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Stretching Exercises for Seniors to Improve Mobility

Stretching Exercises

It’s common knowledge that people slow down as they age.

Daily activities like standing up from a chair and getting in and out of bed become increasingly difficult. These limitations are often caused by a decline in muscle strength and flexibility.

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Flexibility is the ability of the muscles and tendons to lengthen and stretch in response to movement and allow a joint to move through its range of motion. A good stretching program is important to incorporate into your daily routine to help maintain flexibility.

Stretches for the neck, arms, back, hips, and legs will help maintain flexibility as the years pass by, keeping you limber for all life has to offer.

Benefits of stretching

Stretching allows for greater movement in joints and improves posture. It also helps to release muscle tension and soreness, and reduces the risk of injury. Lastly, it may also help increase circulation, muscle control, and improve balance and coordination.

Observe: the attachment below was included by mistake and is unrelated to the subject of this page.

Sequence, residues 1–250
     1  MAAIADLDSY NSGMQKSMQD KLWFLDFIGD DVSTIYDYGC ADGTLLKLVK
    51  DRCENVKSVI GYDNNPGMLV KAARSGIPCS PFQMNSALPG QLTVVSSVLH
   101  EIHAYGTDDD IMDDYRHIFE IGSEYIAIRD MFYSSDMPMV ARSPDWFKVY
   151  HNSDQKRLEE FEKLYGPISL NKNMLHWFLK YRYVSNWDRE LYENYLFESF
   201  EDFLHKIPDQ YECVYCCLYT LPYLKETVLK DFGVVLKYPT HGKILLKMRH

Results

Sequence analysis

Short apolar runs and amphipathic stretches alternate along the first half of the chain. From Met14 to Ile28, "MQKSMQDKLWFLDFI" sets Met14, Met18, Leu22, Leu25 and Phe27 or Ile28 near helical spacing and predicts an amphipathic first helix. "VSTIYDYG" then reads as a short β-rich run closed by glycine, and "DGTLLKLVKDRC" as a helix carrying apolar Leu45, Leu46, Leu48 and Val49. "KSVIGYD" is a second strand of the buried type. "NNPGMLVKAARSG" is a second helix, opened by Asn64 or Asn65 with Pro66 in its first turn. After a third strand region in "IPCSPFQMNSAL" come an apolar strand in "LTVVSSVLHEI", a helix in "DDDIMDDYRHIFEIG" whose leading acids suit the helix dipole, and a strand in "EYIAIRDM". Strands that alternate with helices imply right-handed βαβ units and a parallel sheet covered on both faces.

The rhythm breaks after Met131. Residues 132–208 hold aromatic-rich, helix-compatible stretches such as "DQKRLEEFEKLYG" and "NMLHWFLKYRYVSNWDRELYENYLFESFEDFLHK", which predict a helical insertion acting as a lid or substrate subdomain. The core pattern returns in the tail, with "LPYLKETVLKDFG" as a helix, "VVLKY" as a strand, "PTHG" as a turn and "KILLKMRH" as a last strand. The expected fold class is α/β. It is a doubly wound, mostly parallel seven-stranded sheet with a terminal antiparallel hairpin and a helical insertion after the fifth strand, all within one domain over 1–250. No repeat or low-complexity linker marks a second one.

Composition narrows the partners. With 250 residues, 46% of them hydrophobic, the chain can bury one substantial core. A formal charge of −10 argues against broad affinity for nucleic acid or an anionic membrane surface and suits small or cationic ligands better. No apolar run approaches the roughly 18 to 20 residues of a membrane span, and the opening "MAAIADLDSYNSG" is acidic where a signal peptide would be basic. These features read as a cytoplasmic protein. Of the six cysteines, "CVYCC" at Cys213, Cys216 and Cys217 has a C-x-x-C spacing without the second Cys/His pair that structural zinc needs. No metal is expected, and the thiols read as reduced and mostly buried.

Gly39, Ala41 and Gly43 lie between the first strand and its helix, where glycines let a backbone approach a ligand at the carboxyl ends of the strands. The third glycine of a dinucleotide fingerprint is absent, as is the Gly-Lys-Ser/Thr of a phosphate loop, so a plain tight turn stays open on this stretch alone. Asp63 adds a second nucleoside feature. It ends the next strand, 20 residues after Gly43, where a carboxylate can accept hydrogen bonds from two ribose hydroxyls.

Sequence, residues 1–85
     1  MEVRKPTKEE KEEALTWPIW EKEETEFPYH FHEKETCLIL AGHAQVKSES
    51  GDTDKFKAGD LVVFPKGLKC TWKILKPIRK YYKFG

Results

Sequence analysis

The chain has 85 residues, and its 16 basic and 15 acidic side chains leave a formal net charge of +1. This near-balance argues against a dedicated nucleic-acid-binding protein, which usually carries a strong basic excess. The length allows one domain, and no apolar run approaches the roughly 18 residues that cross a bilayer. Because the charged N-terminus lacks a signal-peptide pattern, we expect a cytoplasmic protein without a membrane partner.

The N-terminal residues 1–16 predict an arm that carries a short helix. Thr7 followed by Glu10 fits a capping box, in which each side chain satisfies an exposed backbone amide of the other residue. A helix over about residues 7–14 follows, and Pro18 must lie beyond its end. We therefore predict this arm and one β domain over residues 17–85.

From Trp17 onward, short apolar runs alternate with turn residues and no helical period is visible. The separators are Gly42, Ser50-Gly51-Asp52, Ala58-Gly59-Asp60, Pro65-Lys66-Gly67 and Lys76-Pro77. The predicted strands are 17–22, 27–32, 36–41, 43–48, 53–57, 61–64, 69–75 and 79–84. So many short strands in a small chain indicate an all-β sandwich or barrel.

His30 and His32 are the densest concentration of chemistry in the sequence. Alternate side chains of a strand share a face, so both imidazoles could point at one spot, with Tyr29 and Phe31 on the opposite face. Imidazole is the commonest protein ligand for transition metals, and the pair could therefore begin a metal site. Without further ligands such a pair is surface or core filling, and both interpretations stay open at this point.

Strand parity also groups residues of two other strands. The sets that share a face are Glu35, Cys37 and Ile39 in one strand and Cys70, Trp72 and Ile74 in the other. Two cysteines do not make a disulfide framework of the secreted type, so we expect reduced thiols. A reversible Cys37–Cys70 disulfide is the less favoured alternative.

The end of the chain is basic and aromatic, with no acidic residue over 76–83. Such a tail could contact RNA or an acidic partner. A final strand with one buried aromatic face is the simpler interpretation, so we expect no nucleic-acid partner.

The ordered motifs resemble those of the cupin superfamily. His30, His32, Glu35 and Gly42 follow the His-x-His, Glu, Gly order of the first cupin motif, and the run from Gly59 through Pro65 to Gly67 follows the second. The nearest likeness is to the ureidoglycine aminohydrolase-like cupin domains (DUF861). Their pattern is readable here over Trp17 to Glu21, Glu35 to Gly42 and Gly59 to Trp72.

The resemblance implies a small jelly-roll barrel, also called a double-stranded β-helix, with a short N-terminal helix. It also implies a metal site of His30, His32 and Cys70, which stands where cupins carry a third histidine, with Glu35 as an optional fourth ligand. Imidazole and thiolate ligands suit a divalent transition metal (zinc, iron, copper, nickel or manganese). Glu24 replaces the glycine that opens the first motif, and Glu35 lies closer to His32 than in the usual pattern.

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A study published in the Journal of Gerontology looked at the 12-month results of a stretch and flex program for older adults. The participants demonstrated positive changes in areas like physical fitness, self-efficacy, perceived functioning, and well-being. They also experienced a decrease in pain.

Stretching guidelines

Seniors should try to stretch major muscles groups for at least 10 minutes, two days a week.

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Perform flexibility exercises on all days that cardiovascular or resistance training exercise occurs, if possible.

Stretching tips

  • Take a deep breath and slowly exhale as your stretch.
  • Hold each stretch for 30 seconds to give the muscle ample time to relax.
  • Don’t bounce while you stretch, as this increases your risk of injury.
  • Only stretch until you feel tension in the muscle, not to the point of pain.
  • Always warm up before stretching by moving around for 5 to 10 minutes, such as going for a walk.

The National Institutes of Health recommend including some of these stretches in your fitness routine.

Neck stretch

Maintaining mobility of the neck is important for posture and activities such as driving.

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  1. Stretch the neck by slowly bringing your chin toward your chest and turning your head side to side.
  2. Hold each position for 15 seconds.

Shoulder and upper arm stretch

Shoulder mobility is important as you age to maintain independence in activities such as getting dressed or getting items off a shelf.

  1. Stretch your shoulders and arms by holding a towel in one hand over your head and letting it drape down behind your head and back.
  2. Grab the other end of the towel with your other hand and gently pull down until you feel a stretch.

Chest stretch